On Sept. 18, the children of Gordon Hirabayashi, Minoru Yasui, and Fred Korematsu filed a brief in the U.S. Supreme Court opposing Executive Order 13780, the Trump administration’s travel ban on nationals from six Muslim-majority nations, pointing to the unjust incarceration of Japanese Americans during World War II as an urgent warning against presidential powers run amok.
The national president of Japanese American Citizens League (JACL) Gary Mayeda said, “Those next victims are today’s Muslim community and today we share our story so that it does not become their story.” In a statement, JACL also said, “This serves as an opportunity for the court to learn from its past error in judgment to ensure the preservation of the civil rights of a minority group in the face of infringement from the executive branch.”
“Rather than repeat the injustices of the past,” states the brief, the Court “should heed the lessons of Korematsu, Hirabayashi, and Yasui: Blind deference to the Executive Branch … is incompatible with the protection of fundamental freedoms.”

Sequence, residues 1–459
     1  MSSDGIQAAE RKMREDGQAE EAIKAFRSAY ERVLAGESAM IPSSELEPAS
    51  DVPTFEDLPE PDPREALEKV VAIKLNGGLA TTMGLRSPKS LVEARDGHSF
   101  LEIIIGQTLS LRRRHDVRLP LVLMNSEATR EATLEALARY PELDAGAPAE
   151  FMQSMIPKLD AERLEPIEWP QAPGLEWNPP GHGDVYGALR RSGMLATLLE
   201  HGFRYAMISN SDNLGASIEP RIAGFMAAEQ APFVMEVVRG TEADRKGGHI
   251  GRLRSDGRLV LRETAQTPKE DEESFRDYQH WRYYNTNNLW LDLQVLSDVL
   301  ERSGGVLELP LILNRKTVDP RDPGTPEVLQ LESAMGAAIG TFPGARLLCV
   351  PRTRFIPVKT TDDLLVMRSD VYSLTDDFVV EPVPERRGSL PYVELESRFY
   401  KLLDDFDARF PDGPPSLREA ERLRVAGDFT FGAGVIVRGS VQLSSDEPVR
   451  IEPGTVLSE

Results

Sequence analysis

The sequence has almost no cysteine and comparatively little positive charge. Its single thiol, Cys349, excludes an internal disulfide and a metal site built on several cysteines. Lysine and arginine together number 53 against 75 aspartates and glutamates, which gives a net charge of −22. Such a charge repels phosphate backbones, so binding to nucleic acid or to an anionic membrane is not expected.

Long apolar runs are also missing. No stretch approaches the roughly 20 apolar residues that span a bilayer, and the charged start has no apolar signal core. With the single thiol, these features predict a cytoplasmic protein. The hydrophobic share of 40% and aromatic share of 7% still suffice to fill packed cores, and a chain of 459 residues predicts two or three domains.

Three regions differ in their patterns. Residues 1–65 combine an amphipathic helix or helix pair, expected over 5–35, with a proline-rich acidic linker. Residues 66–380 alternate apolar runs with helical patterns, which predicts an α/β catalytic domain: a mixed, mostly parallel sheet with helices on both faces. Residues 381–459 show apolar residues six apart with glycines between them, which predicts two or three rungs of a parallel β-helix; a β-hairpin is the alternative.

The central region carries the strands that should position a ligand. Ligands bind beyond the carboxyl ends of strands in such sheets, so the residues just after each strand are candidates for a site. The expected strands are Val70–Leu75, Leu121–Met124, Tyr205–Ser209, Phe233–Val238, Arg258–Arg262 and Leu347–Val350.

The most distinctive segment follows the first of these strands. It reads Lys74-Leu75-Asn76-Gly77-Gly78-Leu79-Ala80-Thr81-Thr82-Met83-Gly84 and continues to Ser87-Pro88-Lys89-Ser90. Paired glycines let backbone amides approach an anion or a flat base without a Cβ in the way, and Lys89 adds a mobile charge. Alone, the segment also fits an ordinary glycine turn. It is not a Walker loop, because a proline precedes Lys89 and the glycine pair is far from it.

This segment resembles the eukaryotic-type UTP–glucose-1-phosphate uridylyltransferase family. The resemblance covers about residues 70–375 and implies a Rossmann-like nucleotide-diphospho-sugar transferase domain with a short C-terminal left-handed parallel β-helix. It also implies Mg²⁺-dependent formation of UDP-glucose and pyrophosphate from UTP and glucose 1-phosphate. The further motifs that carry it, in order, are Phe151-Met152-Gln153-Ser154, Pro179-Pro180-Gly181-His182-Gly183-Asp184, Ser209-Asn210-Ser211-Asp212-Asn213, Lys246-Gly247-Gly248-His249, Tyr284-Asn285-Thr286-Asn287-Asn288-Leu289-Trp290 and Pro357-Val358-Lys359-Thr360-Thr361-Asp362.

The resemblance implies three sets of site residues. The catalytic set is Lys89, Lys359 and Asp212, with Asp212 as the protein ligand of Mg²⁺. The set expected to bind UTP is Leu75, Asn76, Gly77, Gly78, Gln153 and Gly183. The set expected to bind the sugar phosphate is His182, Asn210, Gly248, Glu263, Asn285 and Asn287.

Hirabayashi, Yasui, and Korematsu were among the 120,000 people forcibly removed from their homes and incarcerated during World War II. The brief states that the men were vindicated four decades later when it was found that the government deceived the Court by withholding evidence that would have exonerated not only the three men, but all persons of Japanese ancestry who were imprisoned.
The brief, filed on behalf of Jay Hirabayashi, Holly Yasui, and Karen Korematsu by the Fred. T. Korematsu Center for Law and Equality at Seattle University School of Law is not enough.
Let us join them in holding the government accountable, and reach across the country to say: stop repeating history.
We must stand together and embrace the different paths toward justice given the numerous and persistent threats and dangers before us.
You can add your name to this Call to Action at repeatinghistory.wufoo.com/forms/i-support-the-call-to-action.